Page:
"Thanks to tremendous progress achieved by the General Packet Radio System (GPRS), the wireless communication protocol, it is now possible for Africans to send articles and images (still and moving) about events taking place in their countries without using a computer and without having internet connection. Under those circumstances, the bigger the number of people expressing their opinions through that technology, the stronger becomes democracy, and the more valuable is the contribution to good governance efforts in Africa" - Voices of Africa
, Mobile stories and videos from Africa. Quote above from article Mobile Reporters in Africa
The mobile content market is big
but the mobile service companies control the bottleneck
of data to your phone and may well be holding the industry back
. A NZ site has launched offering a platform for mobile content producers to sell direct to mobile content consumers globally: Voeveo
: the Science Museum asks us the question "should we upgrade our mobile phone?" "No
" and "no
" say the Times and the Observer, but we still do: on average every 18 months. What's the problem? Well it isn't just the lead, arsenic, beryllium and brominated fire-retardant
cases (pollutants all) disappearing into our land fills (which are not covered by the Waste Electrical and Electronic Equipment Directive [WEEE
] in Europe). Coltan also goes into our phones. It occurs mainly in the Democratic Republic of Congo, and as such our demand for upgrades has been contributing to a war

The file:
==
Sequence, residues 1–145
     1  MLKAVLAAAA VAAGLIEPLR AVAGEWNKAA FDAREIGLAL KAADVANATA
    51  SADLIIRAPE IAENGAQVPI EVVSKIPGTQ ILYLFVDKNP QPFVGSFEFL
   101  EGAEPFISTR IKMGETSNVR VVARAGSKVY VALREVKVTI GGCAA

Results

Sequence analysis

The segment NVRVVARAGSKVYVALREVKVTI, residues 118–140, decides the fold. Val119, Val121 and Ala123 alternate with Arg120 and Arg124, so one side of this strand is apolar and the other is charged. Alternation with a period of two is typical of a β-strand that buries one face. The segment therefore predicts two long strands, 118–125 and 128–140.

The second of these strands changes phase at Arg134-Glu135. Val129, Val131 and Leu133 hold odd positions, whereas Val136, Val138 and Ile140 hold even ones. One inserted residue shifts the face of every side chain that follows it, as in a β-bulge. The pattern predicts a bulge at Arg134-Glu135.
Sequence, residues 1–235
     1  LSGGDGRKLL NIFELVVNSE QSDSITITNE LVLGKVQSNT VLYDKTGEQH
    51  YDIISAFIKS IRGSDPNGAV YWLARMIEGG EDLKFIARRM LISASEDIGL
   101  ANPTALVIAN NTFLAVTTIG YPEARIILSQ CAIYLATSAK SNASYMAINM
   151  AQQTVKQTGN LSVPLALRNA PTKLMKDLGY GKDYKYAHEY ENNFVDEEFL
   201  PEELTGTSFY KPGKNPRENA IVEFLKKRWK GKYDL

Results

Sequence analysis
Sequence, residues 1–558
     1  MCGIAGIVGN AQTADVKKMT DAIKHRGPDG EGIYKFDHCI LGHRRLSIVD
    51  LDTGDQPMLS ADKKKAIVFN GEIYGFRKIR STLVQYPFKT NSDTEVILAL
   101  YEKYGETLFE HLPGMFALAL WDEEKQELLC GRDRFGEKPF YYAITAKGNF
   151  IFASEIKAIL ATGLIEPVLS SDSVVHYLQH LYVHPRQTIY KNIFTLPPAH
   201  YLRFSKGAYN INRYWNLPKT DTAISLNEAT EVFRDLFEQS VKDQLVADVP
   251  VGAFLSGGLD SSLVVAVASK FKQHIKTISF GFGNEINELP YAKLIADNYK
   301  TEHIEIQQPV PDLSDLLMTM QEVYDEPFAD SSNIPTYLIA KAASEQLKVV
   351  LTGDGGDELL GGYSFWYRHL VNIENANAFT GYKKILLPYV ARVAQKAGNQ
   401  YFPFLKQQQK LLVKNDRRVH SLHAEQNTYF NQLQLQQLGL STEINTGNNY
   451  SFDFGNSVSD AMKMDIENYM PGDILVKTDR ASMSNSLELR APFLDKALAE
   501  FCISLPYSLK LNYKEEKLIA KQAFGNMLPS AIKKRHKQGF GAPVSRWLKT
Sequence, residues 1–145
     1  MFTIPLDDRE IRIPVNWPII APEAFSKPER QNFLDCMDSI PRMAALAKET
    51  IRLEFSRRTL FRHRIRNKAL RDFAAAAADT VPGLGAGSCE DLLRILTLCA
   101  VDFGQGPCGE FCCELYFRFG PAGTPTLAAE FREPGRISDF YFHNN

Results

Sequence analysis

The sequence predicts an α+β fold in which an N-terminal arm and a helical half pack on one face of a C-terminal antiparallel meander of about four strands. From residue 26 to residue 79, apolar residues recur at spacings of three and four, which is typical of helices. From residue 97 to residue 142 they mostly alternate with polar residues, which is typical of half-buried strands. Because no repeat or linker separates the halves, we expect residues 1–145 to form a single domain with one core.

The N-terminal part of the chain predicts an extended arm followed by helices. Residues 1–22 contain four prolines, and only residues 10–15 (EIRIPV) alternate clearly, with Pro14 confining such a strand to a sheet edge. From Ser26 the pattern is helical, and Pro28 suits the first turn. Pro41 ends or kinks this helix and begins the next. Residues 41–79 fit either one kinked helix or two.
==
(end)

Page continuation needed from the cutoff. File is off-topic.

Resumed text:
(despite mobile phone companies' claims to the contrary, coltan is not regulated like timber). If we must upgrade, we can at least recycle or
hack our old phones
The Crazy Frog / Axel F Song
(previously mentioned on the Blue
) is about to make history by being the first ringtone / pop music crossover to successfully invade the British charts. How successful? A little band named Coldplay
also have a new single out; as it stands, Crazy Frog
is outselling their effort by a factor of 4 to 1.
People, this is serious. Prepare for some major league irritation to descend upon us. The success of this single will only spawn a legion of imitators, and that can only lead to the dark side. As Malcolm McLaren
, ex Sex Pistols manager puts it: "Listen to this song and you can hear the death knell of the traditional music industry."
What if you received Chris Rock's old cell phone number and his celebrity friends kept on calling you? "amazing entertainment" :D [via Gulfstream
oh glorious rapture, vertu has launched.
(flash) the phones (called "instruments" in vertu-speak) are okay, but the real meat seems to be the one-touch vertu concierge: allows one to find theatre tickets, make reservations, or (assumably) order KFC. and, as promised, they are indeed clutch-the-pearls expensive: €6000 to €24000. golly.